Returning to Rabbis Without Borders
January 31, 2016
I'm heading south today for the annual gathering of Rabbis Without Borders fellows at Pearlstone, a Jewish retreat center outside of Baltimore. This will be my third annual retreat. It's always fun to reconnect with this group of colleagues in person.
Like my ALEPH community, RWB spans denominational boundaries. Rabbis Without Borders fellows come from backgrounds ranging from Reform to Orthodox and everything in between. And like my ALEPH community, we're consciously pluralistic, and deeply invested in the work of co-creating a Judaism which will serve the future's needs.
This year I'm giving back to the community a bit more than in years past. With Rabbi David Markus, I'll be co-leading a Renewal-style weekday morning service on Monday. We're planning a mixture of weekday nusach, beloved melodies, and new uses for Nava Tehila's Livnat HaSapir. We'll also be offering a session with Rabbi Evan Krame of The Jewish Studio, themed around a four-worlds look at the ecosystem of Jewish innovation. (That ecosystem is being talked about a lot on our Listening Tour.)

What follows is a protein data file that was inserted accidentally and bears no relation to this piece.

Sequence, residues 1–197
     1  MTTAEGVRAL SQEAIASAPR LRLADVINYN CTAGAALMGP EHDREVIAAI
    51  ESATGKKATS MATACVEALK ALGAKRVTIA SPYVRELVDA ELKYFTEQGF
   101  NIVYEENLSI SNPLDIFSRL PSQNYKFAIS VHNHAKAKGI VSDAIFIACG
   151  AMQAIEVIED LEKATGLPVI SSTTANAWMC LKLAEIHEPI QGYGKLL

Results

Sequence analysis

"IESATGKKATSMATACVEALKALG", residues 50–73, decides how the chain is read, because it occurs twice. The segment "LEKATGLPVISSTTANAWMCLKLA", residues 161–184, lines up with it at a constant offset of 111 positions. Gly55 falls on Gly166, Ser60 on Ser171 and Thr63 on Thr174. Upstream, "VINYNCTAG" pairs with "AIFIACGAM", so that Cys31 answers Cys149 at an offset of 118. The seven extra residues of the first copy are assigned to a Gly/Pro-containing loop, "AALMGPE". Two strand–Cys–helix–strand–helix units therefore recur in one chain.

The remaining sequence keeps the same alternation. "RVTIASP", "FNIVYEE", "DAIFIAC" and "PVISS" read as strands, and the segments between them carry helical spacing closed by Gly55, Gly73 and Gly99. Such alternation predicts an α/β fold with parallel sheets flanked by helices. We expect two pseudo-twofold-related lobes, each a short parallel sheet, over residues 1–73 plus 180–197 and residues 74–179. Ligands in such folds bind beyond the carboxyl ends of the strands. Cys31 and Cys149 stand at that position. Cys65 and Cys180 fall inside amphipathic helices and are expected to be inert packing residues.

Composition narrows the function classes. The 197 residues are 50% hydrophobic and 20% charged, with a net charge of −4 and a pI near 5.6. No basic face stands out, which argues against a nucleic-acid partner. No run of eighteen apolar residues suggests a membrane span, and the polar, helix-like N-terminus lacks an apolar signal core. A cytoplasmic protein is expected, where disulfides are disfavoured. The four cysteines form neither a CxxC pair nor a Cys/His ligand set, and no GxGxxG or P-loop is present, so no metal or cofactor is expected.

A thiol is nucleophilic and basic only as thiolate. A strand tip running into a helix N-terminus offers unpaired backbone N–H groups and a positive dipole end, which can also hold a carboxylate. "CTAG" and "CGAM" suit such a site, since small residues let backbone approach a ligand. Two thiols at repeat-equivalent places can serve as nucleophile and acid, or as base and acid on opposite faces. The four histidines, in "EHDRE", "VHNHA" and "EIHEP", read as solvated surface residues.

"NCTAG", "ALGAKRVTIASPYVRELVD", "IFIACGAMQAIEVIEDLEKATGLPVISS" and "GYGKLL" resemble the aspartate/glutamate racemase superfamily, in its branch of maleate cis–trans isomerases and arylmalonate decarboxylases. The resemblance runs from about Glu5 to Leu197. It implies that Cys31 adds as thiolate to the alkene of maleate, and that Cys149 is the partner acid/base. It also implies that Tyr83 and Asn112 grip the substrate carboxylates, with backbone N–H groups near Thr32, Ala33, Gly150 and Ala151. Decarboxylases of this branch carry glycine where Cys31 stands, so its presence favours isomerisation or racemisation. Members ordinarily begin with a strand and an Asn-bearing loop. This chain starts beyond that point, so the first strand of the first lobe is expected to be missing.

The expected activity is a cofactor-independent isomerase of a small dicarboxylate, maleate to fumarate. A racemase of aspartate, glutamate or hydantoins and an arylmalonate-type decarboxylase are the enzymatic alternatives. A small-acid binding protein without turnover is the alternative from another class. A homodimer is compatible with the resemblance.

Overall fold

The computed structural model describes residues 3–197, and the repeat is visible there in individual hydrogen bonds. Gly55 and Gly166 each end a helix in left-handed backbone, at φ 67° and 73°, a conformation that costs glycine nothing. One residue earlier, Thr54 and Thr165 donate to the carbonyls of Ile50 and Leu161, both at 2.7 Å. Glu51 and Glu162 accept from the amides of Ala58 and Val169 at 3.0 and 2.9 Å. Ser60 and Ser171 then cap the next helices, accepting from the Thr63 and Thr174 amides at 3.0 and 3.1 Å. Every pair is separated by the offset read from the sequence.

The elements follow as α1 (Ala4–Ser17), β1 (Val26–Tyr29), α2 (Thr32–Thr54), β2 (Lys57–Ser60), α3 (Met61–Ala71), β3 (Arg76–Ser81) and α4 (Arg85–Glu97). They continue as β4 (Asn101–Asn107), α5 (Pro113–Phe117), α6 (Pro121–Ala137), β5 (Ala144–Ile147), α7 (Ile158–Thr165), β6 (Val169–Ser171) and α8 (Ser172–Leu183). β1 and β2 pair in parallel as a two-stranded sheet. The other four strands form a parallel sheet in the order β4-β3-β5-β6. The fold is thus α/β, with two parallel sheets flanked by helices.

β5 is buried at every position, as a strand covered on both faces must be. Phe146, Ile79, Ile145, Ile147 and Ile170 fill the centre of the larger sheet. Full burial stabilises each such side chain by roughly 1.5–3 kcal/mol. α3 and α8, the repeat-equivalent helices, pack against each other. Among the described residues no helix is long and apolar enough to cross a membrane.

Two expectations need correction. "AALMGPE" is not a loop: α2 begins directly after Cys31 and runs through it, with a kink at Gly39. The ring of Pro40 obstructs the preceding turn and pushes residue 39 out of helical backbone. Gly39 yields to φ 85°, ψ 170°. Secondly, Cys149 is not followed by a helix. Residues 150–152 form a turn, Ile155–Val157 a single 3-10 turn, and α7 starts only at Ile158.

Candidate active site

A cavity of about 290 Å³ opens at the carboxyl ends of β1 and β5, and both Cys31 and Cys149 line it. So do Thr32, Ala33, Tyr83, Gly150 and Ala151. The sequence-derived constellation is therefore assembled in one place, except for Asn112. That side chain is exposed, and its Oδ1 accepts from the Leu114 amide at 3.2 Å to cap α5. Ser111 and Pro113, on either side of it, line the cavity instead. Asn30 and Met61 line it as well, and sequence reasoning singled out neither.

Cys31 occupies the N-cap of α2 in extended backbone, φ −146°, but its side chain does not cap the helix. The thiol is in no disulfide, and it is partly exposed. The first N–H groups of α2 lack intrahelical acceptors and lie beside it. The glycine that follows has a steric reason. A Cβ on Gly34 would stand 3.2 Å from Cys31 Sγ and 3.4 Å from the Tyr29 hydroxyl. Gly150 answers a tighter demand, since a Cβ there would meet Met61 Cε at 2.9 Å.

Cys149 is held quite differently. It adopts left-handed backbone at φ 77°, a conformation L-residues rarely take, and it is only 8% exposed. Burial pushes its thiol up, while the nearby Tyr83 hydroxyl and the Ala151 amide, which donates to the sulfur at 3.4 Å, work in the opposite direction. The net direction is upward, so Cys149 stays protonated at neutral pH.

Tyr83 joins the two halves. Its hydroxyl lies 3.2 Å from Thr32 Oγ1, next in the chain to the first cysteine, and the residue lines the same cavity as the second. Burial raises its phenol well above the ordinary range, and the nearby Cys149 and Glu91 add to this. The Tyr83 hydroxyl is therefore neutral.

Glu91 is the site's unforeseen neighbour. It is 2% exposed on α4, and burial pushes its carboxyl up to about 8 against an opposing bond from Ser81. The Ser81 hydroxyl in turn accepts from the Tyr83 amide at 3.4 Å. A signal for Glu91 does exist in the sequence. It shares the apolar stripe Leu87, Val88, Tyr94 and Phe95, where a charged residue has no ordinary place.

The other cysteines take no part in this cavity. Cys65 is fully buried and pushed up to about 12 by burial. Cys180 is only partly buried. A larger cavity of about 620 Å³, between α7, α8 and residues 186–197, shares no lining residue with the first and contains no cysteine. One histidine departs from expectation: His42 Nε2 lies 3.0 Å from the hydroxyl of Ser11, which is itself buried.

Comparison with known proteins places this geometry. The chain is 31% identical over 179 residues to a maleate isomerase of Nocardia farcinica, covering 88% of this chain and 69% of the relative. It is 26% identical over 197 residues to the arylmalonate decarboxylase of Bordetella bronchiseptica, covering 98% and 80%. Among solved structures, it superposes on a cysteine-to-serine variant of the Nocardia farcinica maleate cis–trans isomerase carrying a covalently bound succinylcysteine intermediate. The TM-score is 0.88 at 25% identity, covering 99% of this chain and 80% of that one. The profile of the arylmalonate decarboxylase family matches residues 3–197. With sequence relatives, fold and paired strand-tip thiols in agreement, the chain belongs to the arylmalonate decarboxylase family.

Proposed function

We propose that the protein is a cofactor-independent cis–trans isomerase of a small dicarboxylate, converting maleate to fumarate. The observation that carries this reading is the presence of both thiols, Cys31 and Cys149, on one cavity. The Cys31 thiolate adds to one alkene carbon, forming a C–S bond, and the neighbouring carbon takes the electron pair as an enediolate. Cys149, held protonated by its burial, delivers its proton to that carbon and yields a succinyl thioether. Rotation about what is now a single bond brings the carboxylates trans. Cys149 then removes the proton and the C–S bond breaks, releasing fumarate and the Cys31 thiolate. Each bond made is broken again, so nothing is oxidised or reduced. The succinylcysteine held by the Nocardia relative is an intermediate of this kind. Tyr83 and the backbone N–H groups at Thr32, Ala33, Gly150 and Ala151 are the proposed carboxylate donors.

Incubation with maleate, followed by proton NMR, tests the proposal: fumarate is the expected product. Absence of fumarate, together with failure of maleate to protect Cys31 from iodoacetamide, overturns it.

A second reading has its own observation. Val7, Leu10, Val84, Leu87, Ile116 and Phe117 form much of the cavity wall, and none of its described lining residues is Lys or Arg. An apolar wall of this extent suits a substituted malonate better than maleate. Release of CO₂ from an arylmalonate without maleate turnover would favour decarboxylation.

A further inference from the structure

Speaking of which, we'll also be holding informal Listening Tour conversations with groups of RWB colleagues over the course of the retreat. We already have hundreds of pages of notes from the stops we've already made, and every time we sit down with people to talk about Jewish Renewal's past, present, and future, I come away more energized about the work we're doing in ALEPH. (So RWB colleagues, if y'all want to share your perspectives on the renewing of Judaism, come and find us.)
If past years' experiences are anything to go by, those of you who follow me on Twitter are likely to see an upsurge in my posting there over the next several days. (This year's retreat is themed around Exploring Rabbinic Risk-Taking -- if that interests you, keep an eye on @rwbclal and #rwbclal.) I expect that when I get home late on Wednesday night I'll be physically tired, but the tiredness will be balanced by the energizing experience of learning, talking, and davening with this great group of hevre.